But let’s talk about the dragons involved in the Battle of Rook’s Rest.

Vhagar — The “hoary old bitch” has been featured plenty before, but we get to see her in battle during this episode. Named, like Balerion and Meraxes, for one of the gods of Old Valyria, she’s by far the oldest and largest of the dragons in this era of history. She was born on Dragonstone 52 years before Aegon’s conquest, which makes her 181 years old—the second oldest dragon in recorded history. She was originally ridden by Visenya, Aegon I’s more dour and bellicose sister-wife—the mother of Maegor the Cruel and the original wielded of Daemon’s sword, Dark Sister. She was ridden by Baelon Targaryen, Viserys and Daemon’s (and possibly Ulf’s) father before going feral for a period after his sudden death. Years later, she bonded with Laena Velaryon, Rhaenys and Corlys’ daughter (and Daemon’s second wife) until her death. The show rewrote Laena’s death to be a self-immolation with Vhagar as the tool. The show also showed us the moment when Aemond claimed her, perhaps denying Rhaena Velaryon a chance to try and bond down the line.

In F&B, Vhagar is described as bronze with green highlights and green eyes. The show has opted to more or less reverse those colors, giving her green scales with bronze horns, talons, and wingtips. The show has made her overall design reflective of her age. She has a huge, iguana-like wattle, her horns are tiny stunted spikes around her crown—almost like hair that has gotten thin and wispy in her dotage. And she’s huge, twice the size of Caraxes and Meleys—the two largest dragons currently ridden on the Blacks’ side. Both the show and the books treat Vhagar as some sort of unstoppable kaiju—the terrifying grandmother of the brood who, prior to the Dance, was the only battle-tested dragon other than Caraxes. The show also seems to be going with the narrative that her years as a feral dragon have made her ornery and slightly unpredictable. She’s my absolute favorite. She should be your favorite too. 

Sunfyre — King Aegon II’s dragon is the youngest of the three combatants. Their name obviously is a reference to their coloration with the “y” in “fyre” being a common spelling for “fire” in dragon names (Dreamfyre being Queen Helaena’s dragon). Martin never discloses when, precisely, Sunfyre is born, but mentions that they were quite young when Aegon bonded with them in 120 AC, nine in-world years before tonight’s episode. It is overwhelmingly likely that Aegon is Sunfyre’s only bonded rider. According to Archmaester Gyldayn, they’re remembered as the most beautiful dragon to have ever lived, with bright golden scales and pale pink wing membranes. The show gave us an unfinalized version of Sunfyre last year (they’re one of the dragons hanging out on Driftmark in S1, Ep. 7) and seems to have greatly upped the saturation in the redesign. They do, indeed, glitter in the sunlight now.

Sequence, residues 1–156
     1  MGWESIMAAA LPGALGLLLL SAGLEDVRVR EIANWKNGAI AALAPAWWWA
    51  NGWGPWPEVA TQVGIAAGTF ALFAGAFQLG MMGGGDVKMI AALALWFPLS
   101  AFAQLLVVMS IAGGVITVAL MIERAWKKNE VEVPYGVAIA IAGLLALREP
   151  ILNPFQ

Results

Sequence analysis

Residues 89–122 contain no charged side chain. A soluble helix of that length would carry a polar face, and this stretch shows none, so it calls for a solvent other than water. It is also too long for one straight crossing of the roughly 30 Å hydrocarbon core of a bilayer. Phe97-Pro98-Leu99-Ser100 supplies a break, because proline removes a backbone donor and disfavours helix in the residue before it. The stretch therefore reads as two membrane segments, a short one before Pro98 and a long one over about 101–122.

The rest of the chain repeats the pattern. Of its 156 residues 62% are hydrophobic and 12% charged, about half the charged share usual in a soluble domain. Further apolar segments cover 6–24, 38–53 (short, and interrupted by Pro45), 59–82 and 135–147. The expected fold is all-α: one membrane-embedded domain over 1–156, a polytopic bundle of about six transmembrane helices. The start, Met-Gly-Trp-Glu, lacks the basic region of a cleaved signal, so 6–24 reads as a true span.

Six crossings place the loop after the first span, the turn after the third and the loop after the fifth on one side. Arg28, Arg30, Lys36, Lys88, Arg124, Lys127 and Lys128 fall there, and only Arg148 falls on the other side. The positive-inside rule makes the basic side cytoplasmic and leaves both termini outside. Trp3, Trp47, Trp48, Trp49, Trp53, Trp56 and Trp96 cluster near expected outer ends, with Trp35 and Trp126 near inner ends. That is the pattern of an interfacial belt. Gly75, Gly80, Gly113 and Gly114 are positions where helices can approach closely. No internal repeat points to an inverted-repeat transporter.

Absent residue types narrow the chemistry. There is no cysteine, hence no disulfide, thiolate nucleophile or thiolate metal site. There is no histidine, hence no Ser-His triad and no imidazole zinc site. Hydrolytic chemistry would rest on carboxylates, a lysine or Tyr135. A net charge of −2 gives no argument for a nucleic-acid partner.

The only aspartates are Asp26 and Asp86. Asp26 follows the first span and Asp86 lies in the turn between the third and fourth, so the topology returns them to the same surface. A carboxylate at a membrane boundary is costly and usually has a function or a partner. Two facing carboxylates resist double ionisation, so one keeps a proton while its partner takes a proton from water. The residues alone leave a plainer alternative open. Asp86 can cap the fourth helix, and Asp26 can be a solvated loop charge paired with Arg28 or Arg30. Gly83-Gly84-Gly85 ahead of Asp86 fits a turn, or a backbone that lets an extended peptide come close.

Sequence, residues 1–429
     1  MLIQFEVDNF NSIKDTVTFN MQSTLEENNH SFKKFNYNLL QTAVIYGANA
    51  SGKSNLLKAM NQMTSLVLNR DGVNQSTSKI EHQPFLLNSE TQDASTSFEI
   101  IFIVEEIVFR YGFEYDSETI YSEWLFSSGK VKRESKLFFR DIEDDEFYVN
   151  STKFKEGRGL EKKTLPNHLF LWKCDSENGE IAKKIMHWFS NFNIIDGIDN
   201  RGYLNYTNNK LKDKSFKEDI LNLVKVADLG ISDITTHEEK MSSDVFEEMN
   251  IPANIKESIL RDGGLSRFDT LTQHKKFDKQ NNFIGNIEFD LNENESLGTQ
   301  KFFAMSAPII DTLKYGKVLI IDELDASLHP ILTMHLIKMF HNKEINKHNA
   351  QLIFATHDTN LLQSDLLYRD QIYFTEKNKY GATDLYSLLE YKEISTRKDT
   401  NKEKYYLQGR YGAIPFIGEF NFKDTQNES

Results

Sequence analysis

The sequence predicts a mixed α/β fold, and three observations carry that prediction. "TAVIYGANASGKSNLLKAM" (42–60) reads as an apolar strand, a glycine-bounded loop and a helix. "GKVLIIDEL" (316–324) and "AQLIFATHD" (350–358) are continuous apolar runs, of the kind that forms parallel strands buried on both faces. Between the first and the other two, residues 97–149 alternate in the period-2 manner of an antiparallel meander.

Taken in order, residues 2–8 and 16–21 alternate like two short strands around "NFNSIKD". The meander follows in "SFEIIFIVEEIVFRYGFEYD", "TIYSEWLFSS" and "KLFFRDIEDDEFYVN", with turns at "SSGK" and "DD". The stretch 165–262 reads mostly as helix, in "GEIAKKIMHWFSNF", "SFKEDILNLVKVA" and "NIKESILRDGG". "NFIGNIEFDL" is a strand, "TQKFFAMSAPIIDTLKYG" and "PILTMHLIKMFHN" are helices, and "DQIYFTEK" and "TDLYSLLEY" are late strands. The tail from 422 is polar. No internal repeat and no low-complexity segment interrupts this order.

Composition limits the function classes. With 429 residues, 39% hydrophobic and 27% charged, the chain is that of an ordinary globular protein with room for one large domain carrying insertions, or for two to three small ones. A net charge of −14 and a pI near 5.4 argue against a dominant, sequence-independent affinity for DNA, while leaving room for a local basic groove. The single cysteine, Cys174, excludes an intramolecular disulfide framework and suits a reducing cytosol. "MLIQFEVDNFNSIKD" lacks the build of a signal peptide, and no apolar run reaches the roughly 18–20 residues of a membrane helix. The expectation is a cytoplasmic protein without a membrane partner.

The show has also given them one of the more expressively “cute” faces and the mutual smile that Aegon and Sunfyre give one another in the montage leading up to the battle is both deeply endearing and the happiest we have ever seen Aegon look. Of all the dragons we’ve seen, Sunfyre is the least threatening looking, the most dog-like. And that mien proves true; Sunfyre is not combat tested, and relatively weak. They are a reflection of Aegon himself and unable to stand up to their opponent (arguably their opponents, as Aemond, on Vhagar, has a notable lack of interest in sparing his brother or his brother’s dragon). We’ll see how the show handles the design of Sunfyre’s maiming at episode’s end (you’ll note the dragon, despite having a maimed wing and deep rents across their neck and chest, is still breathing by episode’s end).

Meleys — This episode bids a final farewell to Meleys, the Red Queen. Martin never explain the meaning of her name but, given that the dragon was named after David J. Peterson had done a huge amount of work in creating High Valyrian, we can safely assume that it’s derivative of the Valyrian word, mele, which mostly means “red” but can also refer to a number of dark, warm tones. We don’t get a birthplace or precise birthdate for Meleys in F&B, but we know she was an adult and the fastest dragon alive in 75 AC, making her somewhere north of 52 years old. She’s had two recorded riders, Princess Rhaenys and her aunt Alyssa Targaryen (more on that in the Odds and Ends section). The book describes Meleys as having scarlet scales, pink wing membranes and copper-colored horns and claws. The show has kept the majority of those notes and also given her a larger and spikier number of horns than other dragons, probably to simulate a crown that might have inspired the “queen” part of her nickname.